After they kill off the remaining walkers, Carl slowly makes it through a difficult recovery, and the group is again approached by an outsider: Jesus, and if that isn’t a loaded name, I don’t know what would be. He claims to be from a nearby large community that trades for supplies with several other groups, and he wants to bring the Alexandria survivors into the fold. Rick is suspicious, and doesn’t get off on the best foot with Jesus, but eventually he decides to look into the offer and travels with him to Hilltop, along with Michonne, Andrea, Glenn, and a stowaway in the back of the van: Carl. They get to Hilltop, and its everything Jesus has told them it is; however, shortly after arriving a man tries to kill the settlement’s leader, and Rick finds out from Jesus that there is a darker side to the offer. Apparently, there is another group nearby – the Saviors – that extorts half of everything Hilltop has in exchange for keeping the area clear of walkers – but they keep changing the rules, and the Hilltop people are beginning to suspect that the deal is decidedly not in their favor. The Saviors group is led by a man names Negan, who, Jesus tells Rick, is a complete psychopath. Rick and the leader of Hilltop, Gregory, strike a deal: they will supply the Alexandria group with food and other necessities (at a fraction of the 50% fee they’re paying the Saviors), if Rick’s group will take out Negan and his men. Looks like we’re heading to war.
While Compendium Two ends before we even see Negan, it sets up the impending struggle quite well. Negan is made out to be a kind of Governor plus: someone who is an evil psychopath, but who also has strategic organizational skills and a potentially much larger and better fed army. This book did not, for me, have quite the same level of intensity as Compendium One, largely because it was missing exactly that: a Governor-type character to focus fears and concerns on. There are some gripping storylines (the Hunters, the Alexandria group, Hilltop), some losses (Dale, two young orphaned boys (one at the hands of his own brother)), some interesting new characters (especially Abraham and Jesus), serious moral conundrums (the group’s reaction to the Hunters, Carl’s decisions regarding the brother who killed his younger sibling, Rick’s decision to take over the Alexandria group), and flirtations with inner-demons (Maggie contemplates – and attempts – suicide, Morgan (you’ll remember him as the father who Rick met very early in the series – both TV and comic – when he went back home) who struggles with the loss of his son and impending madness). These all make for good reading, in much the same way that followers of ongoing series always want to see what comes next. With the addition of Negan and the Saviors (sounds like a 1980s band name), Kirkman et al seem poised to up the ante once again, and return readers to the frenetic pace and high stakes of the last several issues of Compendium One. I can’t wait to find out – the series is up to issue #120 now, and I’m going to go pick up the issues I’m missing today.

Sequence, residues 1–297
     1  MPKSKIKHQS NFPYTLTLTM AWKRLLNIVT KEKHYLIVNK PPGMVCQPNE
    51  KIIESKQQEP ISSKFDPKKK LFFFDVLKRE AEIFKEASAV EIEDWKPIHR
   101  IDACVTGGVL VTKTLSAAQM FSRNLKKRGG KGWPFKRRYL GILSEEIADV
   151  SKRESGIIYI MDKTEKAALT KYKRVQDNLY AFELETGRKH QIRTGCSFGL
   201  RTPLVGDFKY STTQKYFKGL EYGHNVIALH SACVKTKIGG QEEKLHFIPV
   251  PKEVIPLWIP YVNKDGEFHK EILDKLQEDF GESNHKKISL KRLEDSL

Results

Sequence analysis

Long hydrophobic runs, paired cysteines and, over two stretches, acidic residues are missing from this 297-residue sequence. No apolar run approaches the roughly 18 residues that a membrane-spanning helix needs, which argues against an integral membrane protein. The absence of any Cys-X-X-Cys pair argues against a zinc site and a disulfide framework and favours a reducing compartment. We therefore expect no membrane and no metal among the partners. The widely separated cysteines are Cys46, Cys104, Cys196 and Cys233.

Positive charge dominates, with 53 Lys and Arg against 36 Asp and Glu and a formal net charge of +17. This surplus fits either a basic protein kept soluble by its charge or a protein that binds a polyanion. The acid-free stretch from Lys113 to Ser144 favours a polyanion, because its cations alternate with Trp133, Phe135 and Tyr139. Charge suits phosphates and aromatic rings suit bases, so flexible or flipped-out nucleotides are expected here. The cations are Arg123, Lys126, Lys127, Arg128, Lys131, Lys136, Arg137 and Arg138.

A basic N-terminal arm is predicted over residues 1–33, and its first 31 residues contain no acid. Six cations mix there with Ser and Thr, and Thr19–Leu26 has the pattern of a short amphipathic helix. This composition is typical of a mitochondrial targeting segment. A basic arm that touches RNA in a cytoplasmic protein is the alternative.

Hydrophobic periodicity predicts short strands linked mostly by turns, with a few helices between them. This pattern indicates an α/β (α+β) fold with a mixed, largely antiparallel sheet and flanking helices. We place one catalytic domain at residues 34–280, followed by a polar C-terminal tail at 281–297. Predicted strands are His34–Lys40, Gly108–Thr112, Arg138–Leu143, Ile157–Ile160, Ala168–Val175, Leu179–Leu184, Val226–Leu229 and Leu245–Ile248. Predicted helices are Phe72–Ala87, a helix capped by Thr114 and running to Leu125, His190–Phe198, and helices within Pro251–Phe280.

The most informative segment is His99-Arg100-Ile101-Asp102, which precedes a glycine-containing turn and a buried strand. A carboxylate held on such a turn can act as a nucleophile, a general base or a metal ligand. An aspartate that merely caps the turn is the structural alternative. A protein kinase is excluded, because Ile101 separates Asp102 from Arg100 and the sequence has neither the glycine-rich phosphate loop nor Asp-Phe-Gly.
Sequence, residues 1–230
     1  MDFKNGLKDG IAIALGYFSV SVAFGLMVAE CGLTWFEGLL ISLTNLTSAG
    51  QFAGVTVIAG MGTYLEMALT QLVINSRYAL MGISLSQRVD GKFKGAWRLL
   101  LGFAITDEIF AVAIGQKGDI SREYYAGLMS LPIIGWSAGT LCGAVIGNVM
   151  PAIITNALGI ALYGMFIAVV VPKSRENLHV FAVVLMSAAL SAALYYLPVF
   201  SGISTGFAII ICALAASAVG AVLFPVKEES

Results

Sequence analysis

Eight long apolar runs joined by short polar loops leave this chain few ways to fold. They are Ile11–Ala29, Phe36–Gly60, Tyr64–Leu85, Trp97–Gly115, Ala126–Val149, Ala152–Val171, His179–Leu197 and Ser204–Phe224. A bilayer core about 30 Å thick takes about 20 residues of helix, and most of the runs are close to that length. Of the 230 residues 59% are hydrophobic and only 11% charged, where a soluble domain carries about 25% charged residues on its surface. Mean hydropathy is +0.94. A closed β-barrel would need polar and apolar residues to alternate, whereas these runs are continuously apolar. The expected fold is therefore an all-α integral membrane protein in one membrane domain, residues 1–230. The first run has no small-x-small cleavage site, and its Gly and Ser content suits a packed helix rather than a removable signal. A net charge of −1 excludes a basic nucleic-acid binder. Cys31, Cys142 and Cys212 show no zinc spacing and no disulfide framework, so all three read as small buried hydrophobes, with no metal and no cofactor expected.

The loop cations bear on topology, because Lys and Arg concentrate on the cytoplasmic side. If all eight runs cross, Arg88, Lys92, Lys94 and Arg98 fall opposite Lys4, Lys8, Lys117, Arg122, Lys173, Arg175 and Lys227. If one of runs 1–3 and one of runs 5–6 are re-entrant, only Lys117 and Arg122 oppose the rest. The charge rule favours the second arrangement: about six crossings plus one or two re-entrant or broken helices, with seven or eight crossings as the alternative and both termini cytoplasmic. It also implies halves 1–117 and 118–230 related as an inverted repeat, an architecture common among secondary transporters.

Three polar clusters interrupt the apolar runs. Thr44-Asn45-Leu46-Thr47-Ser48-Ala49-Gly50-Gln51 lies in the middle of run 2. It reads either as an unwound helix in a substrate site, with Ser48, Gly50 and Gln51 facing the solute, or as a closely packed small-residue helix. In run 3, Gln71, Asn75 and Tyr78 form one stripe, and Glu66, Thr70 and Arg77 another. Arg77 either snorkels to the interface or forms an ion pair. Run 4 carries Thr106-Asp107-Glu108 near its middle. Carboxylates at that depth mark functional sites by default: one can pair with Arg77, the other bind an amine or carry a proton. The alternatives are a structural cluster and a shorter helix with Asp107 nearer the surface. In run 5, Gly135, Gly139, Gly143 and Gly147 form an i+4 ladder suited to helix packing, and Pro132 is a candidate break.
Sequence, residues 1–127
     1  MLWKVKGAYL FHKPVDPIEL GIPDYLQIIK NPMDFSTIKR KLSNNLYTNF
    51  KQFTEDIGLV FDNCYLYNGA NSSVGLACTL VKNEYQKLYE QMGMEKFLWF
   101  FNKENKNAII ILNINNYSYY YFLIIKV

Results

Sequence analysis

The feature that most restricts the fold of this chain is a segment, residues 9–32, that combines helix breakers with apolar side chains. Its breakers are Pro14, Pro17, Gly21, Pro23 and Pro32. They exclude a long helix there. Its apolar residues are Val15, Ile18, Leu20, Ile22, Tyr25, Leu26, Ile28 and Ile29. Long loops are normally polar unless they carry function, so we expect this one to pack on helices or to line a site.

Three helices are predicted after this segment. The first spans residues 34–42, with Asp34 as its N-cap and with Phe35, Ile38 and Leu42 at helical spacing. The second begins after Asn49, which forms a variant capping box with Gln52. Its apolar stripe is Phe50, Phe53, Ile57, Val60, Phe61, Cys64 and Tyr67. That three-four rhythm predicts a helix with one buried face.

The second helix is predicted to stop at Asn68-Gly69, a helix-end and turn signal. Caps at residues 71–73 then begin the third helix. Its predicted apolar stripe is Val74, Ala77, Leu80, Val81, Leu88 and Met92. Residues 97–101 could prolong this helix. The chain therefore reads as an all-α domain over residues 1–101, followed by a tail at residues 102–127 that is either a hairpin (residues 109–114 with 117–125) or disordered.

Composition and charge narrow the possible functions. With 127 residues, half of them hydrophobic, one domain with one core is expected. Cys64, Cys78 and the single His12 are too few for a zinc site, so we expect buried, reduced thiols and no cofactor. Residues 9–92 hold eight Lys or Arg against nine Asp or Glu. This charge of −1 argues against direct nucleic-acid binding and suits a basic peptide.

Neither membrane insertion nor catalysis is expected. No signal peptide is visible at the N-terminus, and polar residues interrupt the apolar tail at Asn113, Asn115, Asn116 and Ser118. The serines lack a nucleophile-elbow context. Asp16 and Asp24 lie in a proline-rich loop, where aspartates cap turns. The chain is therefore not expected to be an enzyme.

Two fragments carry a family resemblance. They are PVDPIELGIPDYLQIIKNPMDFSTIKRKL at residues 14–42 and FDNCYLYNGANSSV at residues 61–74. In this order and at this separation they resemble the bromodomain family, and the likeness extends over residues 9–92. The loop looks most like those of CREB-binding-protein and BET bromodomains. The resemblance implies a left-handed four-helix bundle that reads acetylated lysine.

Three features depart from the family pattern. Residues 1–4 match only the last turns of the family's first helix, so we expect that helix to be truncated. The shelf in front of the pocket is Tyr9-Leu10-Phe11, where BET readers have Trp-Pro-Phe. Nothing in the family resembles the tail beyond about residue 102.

For those that want to catch up on The Walking Dead series without paying through the nose to get original comics (a copy of Issue #1 recently sold for $10000 at auction), the compendiums are really the way to go. To get up-to-date, these are the pieces you need to buy:
The Walking Dead: Compendium One – this covers Issues 1-48
The Walking Dead: Compendium Two – this covers Issues 49-96
The Walking Dead: Volume 17 – issues 97-102
The Walking Dead: Volume 18 – issues 103-108
The Walking Dead: Volume 19 – issues 109-114
Issue #115 and up should be available at your local comic book store (Issue #120 came out last week). If you wait until March, Volume 20 will collate issues 115-120 for you.
Theoretically, you could wait until Compendium Three comes out, but at a rate of one book a month, you’re looking at a publication date of early 2016. If you’re willing to wait that long, more power to you. I’m not, and am now buying the series monthly (and at a cover price of about $3.00, it’s well worth it to me).
Steve’s Grade: A-
While not as compelling as the storyline in Compendium One, Compendium Two gives readers more of the characters they’ve come to love, and does so with an eye to detail and real human emotion that is a rarity. Storytelling and artwork at their finest, and intimations of greatness to come.
Robert Kirkman’s Official The Walking Dead website